“What’s this trans thing?”


Rui isn’t pleased with the way this question is posed. Learn how to talk and behave, please.  Treat others as the human beings they are.

20th November is Transgender Remembrance Day. 24 hours dedicated to victims of transphobic violence. I think this is a good opportunity to explain some things about the term and to dispel certain misconceptions I’ve encountered ever since my partner came out and I or she disclosed her identity to others, even inside the LGB community.

38392770> “He must be confused. Won’t he confuse you, too?”

She isn’t confused. She knows best for herself and she’ll find out steadily what she wants to do with her body. Of course, there’s nothing shameful with self exploration, that’s why the Q in LGBTQ stands not only for Queer but also for Questioning. But once a person says “I’m trans” it means they’ve reached a decision and that’s not something they did overnight but the result of a long, thoughtful and honest process.

As for the second part of the statement, it’s needless to say that being a trans isn’t contagious. Of course, the partner of a person in transition might find themselves contemplating anew their sexual orientation -namely, “am I still sexually attracted to my partner now that their gender expression and, perhaps, body might change?”. That doesn’t have to be interpreted along the lines of “oh poor you, you have it so tough because of that weirdo”. When your partner wants new things in your life, you talk it over and you either decline or compromise. It’s the same process.

> “He’s unsure of his gender and that influenced you (in saying you’re bisexual).”

Imagine that your whole life you were served pasta and liked it, but then it so happened that you got to another restaurant and you were served rice. After trying it, you realized that you liked it too. Does that mean you were influenced by the new chef? No. It simply means you were given another option and you found it equally tasteful. Sex is very similar to eating. I enjoy sour things but hate bitter ones for no particular reason. It’s just the way it is and it isn’t something that has to be painted negatively. It’s insulting to suggest I was ‘brainwashed’. Am I not a person of my own? For those who know me it should be clear that I’ve got my own worldview and style and have never been the type of person who followed the latest fad just to belong in.

> “Was he influenced from someone? Like all these people coming out as transsexuals.” or “Is it a trend?”

Gender identity manifests when the child is around 4 years old. It may take a bit longer for some people to comprehend what’s going on and come to terms with it. Therefore it’s not a matter of “being led astray” since most trans individuals know that they aren’t what others perceive them to be. It surely helps that there are trans celebrities who create awareness campaigns. Since gender is such an important aspect of each and every one of us, education through multiple venues facilitates self-identification and makes life easier. What’s wrong with this?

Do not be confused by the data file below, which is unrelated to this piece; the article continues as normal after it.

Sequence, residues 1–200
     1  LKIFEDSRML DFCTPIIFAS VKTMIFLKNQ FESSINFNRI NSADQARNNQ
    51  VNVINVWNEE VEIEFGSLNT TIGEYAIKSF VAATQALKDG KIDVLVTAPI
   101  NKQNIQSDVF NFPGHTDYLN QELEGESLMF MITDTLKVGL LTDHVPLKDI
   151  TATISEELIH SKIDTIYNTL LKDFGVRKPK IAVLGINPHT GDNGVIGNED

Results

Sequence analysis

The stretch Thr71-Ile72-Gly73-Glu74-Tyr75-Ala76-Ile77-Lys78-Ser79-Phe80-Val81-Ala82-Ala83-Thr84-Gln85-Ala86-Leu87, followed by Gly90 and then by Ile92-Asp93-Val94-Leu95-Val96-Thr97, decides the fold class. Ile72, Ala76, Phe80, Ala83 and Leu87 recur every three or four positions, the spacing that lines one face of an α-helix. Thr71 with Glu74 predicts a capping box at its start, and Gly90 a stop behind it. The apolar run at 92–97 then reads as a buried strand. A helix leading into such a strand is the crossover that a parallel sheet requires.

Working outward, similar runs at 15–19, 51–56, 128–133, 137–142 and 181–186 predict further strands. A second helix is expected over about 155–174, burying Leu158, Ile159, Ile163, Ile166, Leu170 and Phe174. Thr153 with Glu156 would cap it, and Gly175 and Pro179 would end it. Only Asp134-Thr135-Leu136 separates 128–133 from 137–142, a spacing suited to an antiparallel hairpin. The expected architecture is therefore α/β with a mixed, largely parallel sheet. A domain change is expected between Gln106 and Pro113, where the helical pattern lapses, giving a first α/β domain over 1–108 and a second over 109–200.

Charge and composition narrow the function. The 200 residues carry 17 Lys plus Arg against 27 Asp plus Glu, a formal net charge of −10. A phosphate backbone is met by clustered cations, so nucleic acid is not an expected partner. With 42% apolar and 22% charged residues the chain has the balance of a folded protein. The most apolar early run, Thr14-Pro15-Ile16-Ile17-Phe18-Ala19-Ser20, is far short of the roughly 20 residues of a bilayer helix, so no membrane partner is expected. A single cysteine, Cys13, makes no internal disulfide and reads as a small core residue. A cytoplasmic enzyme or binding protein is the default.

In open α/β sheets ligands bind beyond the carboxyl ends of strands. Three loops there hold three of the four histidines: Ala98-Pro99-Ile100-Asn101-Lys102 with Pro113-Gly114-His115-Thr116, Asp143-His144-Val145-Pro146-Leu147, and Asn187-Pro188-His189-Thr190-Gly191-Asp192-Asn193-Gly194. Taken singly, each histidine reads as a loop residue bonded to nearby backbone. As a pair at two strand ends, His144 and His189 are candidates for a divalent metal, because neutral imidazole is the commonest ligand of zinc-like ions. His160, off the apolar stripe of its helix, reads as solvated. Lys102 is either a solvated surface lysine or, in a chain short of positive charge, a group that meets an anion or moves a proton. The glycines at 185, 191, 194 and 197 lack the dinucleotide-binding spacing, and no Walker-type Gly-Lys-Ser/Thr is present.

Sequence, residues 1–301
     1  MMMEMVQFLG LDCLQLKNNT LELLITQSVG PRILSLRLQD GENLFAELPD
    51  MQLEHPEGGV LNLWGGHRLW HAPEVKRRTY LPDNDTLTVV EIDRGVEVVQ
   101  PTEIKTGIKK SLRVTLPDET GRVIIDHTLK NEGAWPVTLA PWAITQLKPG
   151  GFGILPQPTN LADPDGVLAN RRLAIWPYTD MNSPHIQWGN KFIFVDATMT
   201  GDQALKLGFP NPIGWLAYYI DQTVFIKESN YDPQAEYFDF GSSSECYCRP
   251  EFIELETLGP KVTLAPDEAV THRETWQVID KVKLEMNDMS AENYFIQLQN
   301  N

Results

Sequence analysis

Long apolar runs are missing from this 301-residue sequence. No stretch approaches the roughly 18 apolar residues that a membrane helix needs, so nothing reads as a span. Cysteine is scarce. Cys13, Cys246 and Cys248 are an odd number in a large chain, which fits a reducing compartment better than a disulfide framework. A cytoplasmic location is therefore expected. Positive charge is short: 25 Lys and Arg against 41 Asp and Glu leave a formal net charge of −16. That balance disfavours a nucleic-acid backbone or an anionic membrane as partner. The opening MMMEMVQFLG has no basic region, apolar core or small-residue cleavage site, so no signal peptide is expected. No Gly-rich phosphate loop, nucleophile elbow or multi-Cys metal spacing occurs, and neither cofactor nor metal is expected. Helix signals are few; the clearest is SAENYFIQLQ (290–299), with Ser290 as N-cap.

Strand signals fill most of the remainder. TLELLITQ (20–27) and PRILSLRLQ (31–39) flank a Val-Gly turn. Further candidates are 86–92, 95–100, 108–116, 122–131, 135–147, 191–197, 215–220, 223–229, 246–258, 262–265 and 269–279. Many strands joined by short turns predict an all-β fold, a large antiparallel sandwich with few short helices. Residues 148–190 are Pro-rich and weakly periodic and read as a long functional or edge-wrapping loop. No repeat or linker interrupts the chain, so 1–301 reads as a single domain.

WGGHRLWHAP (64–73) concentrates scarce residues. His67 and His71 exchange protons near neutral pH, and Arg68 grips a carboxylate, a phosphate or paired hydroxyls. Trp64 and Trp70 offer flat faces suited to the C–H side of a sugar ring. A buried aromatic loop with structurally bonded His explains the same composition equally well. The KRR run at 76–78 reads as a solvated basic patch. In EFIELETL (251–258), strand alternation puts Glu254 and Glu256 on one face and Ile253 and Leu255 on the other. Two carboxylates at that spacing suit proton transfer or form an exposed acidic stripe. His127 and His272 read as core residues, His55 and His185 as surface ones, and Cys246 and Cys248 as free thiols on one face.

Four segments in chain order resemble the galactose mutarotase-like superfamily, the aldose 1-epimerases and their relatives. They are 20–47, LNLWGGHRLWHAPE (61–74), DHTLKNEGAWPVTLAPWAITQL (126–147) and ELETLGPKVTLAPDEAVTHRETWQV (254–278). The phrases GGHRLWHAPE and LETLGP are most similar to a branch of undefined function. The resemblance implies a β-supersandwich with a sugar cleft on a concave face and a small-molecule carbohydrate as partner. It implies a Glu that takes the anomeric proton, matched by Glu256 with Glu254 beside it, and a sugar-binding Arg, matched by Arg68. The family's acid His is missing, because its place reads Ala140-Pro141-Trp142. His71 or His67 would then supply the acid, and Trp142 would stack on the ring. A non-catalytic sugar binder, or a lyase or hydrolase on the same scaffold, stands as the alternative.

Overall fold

“This came out of the blue. (= I have a hard time believing you. /You’re lying./ It’s a whim.)”

Just because such a revelation appears to come out of nowhere that doesn’t make it less real. People are complex human beings who have secrets, who may be in denial for a long time or even feel uncertain about the images and thoughts on their mind. That was the case with Neko-chi who, from a young age, fantasized herself as a girl yet was very hesitant to identify as trans because her personality and external factors complicated the situation. On top of that she hadn’t been in a steady loving, free relationship that’d help her explore such a possibility.

It’s a bit like being a mangaka under cover, using a nickname and all. The fact that others don’t know you aren’t a mangaka doesn’t cancel the fact that you are one.

tumblr_mwzjx7wtDF1qggcr5o1_r1_500> “Won’t he want men now?” / “He likes women despite being trans?” / “He had slept with other men and he enjoyed being passive, that’s why he says he’s a woman now?”

Sexual and gender identity are two different things. The former is about whom you want to dig and turns you on big time, the latter is about how you’d see yourself if the mirror reflected your brain. There’s absolutely no contradiction in a lesbian transwoman or a gay transman. Although a boy’s desire to sleep with men may lead him to wish he had been born as the opposite sex, that doesn’t mean he is or feels any less of a man.

Another example: a bottom homosexual is in no way a woman. He’s a man. Being bottom doesn’t equate being a ‘sissy’ or getting it up in the ass -see tribaddism, mutual masturbation and fellatio. Some gay men may perform drag. There were trans women in the past, when we didn’t have this elaborate terminology, that didn’t experience their transness separately from their sexual orientation  (I’ve written an article on the subject here). But in no way is this the rule for everyone. Zinnia Jones has conned a very appropriate term for such assumptions: “Gender Axis of Evil“.

Instead of seeing that gender, gender expression, and sexual orientation are separate variables, all of these distinct features are collapsed into a single position on a single axis. Because a shift in one of these features is seen to shift the rest along with it, this means using one aspect of a person to deny, redefine, or reclassify their other aspects.

You could take some time to read a bit about the genderbread person [*] to clarify these notions in your head.

> “A man having sex with a (pre-op) transwoman is gay, right?”

No. Or it actually depends. No one’s current partner is a sure indication of their sexual identity, the same way the absence of a partner doesn’t point to asexuality. A man may have slept only with cis men (=non-trans) and then be in a stable relationship with a transwoman -does this make him bi or straight? If we go by the book they are a straight couple (a man and a woman), but this can be a tricky thing to say, since the queerness quality is out of the picture and I’m not sure this is a good thing. There’s also pansexuality that is the attraction to all genders (male, female, genderqueer) but unless the person at question doesn’t label himself as such, we can’t and shouldn’t assume anything.